Snowden fallout on contractors: It’s not all bad

A ThreatTrack survey finds that defense contractors feel vulnerable to cyber mayhem, but many have become more diligent about screening, managing and training employees.

The Edward Snowden leaks have led to changes in cybersecurity practices at U.S. defense contractors, though contractors continue to say that they remain vulnerable to cyber-attacks, according to a recent survey by ThreatTrack Security.

According to the study, 88 percent of defense contractors feel that the government provides an acceptable amount of guidance with regard to cybersecurity, but that they still feel vulnerable to cybercrime and would benefit from additional protective measures.

Within the target demographic of defense contractor IT/security managers, the study, in which Opinion Matters surveyed IT and security managers at defense contractors, found that:

  • Twenty-seven percent of respondents that have access to networks and databases that store confidential information have no security clearances.
  • More than half of IT managers, 62 percent, worry that their companies are vulnerable to targeted malware attacks, cyber crime, cyber-espionage and advanced persistent threats (APTs).
  • Contractors with larger IT budgets are more likely to feel more vulnerable, indicating that they may be more aware of the risks that they face.
  • Only 78 percent of IT managers have access to dynamic malware analysis solutions, which is important because of the sensitivity of the information involved with these contractors.
  • More than a quarter of respondents said that they are understaffed in terms of skilled IT experts and malware analysts.

Researchers also discovered that the Snowden affair has changed how contractors train employees who handle sensitive information. About half of the respondents say that there is now more cybersecurity training (55 percent); that they reviewed employee data access privileges (52 percent); are on higher alert for misbehavior (47 percent); have implemented stricter hiring practices (41 percent); or have curtailed IT administrative rights (39 percent).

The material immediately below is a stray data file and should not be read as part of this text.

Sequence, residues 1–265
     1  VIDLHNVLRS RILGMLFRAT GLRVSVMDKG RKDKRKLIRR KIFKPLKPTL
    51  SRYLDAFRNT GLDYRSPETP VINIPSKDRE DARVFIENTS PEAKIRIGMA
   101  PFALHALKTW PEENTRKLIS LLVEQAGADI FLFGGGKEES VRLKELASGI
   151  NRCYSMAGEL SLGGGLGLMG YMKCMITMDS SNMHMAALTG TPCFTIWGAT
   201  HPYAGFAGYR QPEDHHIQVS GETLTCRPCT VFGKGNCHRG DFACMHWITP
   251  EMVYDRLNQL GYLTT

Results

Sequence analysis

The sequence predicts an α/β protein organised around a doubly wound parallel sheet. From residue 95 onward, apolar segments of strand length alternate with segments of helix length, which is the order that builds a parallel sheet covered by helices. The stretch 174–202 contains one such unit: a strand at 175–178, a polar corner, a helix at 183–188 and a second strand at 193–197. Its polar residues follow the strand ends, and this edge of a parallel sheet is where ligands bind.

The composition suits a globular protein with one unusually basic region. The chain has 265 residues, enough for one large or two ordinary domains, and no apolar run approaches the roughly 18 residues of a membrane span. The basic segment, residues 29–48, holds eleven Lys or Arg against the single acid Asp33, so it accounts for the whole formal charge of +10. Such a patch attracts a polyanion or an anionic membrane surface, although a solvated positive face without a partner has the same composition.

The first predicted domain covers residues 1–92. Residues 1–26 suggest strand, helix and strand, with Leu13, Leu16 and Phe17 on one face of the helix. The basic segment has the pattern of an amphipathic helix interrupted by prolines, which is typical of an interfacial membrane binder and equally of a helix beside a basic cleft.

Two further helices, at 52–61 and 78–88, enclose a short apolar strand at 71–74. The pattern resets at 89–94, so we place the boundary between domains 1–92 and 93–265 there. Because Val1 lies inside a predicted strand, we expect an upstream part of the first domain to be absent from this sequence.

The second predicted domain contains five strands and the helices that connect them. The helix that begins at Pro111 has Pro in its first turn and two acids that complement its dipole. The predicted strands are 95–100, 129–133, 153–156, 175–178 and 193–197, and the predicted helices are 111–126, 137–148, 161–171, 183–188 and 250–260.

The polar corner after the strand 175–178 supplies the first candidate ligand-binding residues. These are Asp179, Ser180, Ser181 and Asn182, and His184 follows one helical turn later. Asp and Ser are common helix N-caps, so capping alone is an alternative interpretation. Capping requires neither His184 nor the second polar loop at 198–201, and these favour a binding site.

One positive finding was that executives are less likely to engage in risky behavior compared with their general enterprise counterparts. Contractor executives are less likely to get malware from visiting pornographic websites, click on malicious links in phishing emails, or allow family members to use a company-owned device.

IT contractors also are more transparent about data breaches – 8 percent said that they were aware of data breaches that were unreported to their customers, compared with 57 percent of analysts in enterprise environments, according to a study conducted in October 2013.

"It's interesting to note that while defense contractors seem to have better security practices in place and are more transparent than many companies in the private sector, they are finding the current cyber threat onslaught just as difficult to deal with," said ThreatTrack Security President and CEO Julian Waits, Sr. "Well over half are concerned that they are vulnerable to targeted attacks and cyber-espionage, and given the type of data they are handling and storing, we think that number needs to get a lot smaller – and fast."

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